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Environ Health Perspect. 2002 Dec;110 Suppl 6:1057-9.

Public health decisions: the laboratory's role in the Lorain County, Ohio, investigation.

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Centers for Disease Control and Prevention, Atlanta, Georgia 30333, USA.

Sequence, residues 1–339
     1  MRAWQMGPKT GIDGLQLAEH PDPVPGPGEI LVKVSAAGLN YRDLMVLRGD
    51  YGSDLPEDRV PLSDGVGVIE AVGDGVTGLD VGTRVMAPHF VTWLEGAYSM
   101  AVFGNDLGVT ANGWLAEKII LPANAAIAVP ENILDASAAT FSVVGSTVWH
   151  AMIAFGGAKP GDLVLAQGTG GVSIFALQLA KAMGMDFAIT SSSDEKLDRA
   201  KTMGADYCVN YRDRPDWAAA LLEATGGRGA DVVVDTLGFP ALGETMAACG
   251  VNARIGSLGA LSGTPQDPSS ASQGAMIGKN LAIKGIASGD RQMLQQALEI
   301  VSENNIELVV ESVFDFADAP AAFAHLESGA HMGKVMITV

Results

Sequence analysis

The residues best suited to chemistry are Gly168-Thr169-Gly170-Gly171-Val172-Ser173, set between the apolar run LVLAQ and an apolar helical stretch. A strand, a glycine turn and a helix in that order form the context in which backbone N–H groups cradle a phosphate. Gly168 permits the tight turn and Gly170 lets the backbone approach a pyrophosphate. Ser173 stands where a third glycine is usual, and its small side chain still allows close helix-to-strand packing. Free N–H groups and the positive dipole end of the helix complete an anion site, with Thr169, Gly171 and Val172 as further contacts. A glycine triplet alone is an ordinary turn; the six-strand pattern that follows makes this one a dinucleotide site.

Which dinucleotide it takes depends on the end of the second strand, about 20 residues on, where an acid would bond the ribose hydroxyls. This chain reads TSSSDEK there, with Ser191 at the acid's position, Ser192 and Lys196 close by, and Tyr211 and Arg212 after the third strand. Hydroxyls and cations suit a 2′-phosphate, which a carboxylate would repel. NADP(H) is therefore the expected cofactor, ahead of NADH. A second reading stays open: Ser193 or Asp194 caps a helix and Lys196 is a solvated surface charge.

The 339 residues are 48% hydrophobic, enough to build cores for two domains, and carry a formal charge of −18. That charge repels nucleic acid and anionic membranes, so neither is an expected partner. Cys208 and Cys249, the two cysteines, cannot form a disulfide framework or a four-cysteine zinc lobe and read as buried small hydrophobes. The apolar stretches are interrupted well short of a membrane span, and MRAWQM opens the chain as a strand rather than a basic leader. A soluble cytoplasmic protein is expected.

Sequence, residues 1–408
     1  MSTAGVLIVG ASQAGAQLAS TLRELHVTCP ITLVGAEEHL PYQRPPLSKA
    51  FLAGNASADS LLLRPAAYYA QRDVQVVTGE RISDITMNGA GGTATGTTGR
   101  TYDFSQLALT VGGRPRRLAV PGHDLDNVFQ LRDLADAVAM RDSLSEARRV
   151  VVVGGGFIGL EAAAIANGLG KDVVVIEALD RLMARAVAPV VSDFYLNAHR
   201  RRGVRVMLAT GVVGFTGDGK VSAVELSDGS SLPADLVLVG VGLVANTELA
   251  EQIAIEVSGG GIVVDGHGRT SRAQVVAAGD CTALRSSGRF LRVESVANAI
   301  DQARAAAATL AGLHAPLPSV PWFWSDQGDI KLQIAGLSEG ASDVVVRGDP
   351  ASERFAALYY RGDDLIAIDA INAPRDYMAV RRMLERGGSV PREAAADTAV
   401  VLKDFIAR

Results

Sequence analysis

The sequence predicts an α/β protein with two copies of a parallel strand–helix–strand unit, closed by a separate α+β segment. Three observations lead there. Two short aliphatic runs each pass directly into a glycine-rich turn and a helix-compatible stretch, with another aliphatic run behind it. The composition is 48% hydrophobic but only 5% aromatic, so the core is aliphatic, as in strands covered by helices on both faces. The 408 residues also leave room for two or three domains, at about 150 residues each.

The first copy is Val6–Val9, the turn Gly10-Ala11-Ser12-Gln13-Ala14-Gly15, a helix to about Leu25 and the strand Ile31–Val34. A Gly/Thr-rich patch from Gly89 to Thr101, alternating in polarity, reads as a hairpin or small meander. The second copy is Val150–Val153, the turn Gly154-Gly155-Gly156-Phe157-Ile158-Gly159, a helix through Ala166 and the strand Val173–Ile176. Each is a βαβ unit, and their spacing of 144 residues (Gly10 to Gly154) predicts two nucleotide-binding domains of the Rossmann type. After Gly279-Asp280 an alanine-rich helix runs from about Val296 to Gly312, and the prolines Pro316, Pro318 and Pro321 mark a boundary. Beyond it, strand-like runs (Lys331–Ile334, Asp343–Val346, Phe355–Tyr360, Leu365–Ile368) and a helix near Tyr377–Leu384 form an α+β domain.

In 1994 officials from the Ohio Department of Health reported that some residents of Lorain County, Ohio, possibly had been exposed to methyl parathion (MP), a highly toxic restricted-use pesticide. The U.S. Centers for Disease Control and Prevention (CDC) assisted in the investigation by providing epidemiologic and laboratory support to the state and local health departments. Although the initial investigation found MP inside the homes, it was unclear if the residents were exposed. CDC used a new biological monitoring method to measure urinary p-nitrophenol (PNP), the metabolite of MP. This biological monitoring measures the internal dose from exposure to toxic chemicals from all routes. Laboratory analyses demonstrated that the urine of residents contained moderate to high levels of PNP, with median, mean, and highest reported concentrations of 28, 240, and 4,800 g/L, respectively, thus confirming exposure of the residents. Almost 80% of the residents had urinary PNP concentrations above the 95th percentile of the reference range concentrations. This information, combined with other analytical results of air and wipe tests, guided public health officials' decisions about the potential risk in each household. In this article we illustrate the laboratory's role in providing information to assist in making these public health decisions. Furthermore, it illustrates how a multidisciplinary team from various governmental agencies worked together to protect the public's health.

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